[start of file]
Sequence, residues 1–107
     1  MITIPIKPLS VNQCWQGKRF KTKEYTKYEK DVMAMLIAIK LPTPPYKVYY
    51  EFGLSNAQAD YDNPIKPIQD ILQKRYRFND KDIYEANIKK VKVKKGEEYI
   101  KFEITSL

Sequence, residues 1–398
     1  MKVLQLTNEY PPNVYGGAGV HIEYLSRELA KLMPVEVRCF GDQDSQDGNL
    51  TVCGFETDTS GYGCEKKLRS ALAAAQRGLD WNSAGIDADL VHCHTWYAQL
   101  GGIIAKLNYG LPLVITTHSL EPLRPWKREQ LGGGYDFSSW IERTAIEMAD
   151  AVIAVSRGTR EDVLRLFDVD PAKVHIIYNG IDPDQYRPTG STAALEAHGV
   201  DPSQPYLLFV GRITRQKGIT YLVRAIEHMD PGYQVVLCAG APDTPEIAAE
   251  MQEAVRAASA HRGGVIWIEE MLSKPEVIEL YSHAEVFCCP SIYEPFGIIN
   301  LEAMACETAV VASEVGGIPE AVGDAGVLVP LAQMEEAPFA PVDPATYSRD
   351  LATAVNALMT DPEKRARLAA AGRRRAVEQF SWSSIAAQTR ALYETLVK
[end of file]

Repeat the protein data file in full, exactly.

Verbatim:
Sequence, residues 1–107
     1  MITIPIKPLS VNQCWQGKRF KTKEYTKYEK DVMAMLIAIK LPTPPYKVYY
    51  EFGLSNAQAD YDNPIKPIQD ILQKRYRFND KDIYEANIKK VKVKKGEEYI
   101  KFEITSL

Sequence, residues 1–398
     1  MKVLQLTNEY PPNVYGGAGV HIEYLSRELA KLMPVEVRCF GDQDSQDGNL
    51  TVCGFETDTS GYGCEKKLRS ALAAAQRGLD WNSAGIDADL VHCHTWYAQL
   101  GGIIAKLNYG LPLVITTHSL EPLRPWKREQ LGGGYDFSSW IERTAIEMAD
   151  AVIAVSRGTR EDVLRLFDVD PAKVHIIYNG IDPDQYRPTG STAALEAHGV
   201  DPSQPYLLFV GRITRQKGIT YLVRAIEHMD PGYQVVLCAG APDTPEIAAE
   251  MQEAVRAASA HRGGVIWIEE MLSKPEVIEL YSHAEVFCCP SIYEPFGIIN
   301  LEAMACETAV VASEVGGIPE AVGDAGVLVP LAQMEEAPFA PVDPATYSRD
   351  LATAVNALMT DPEKRARLAA AGRRRAVEQF SWSSIAAQTR ALYETLVK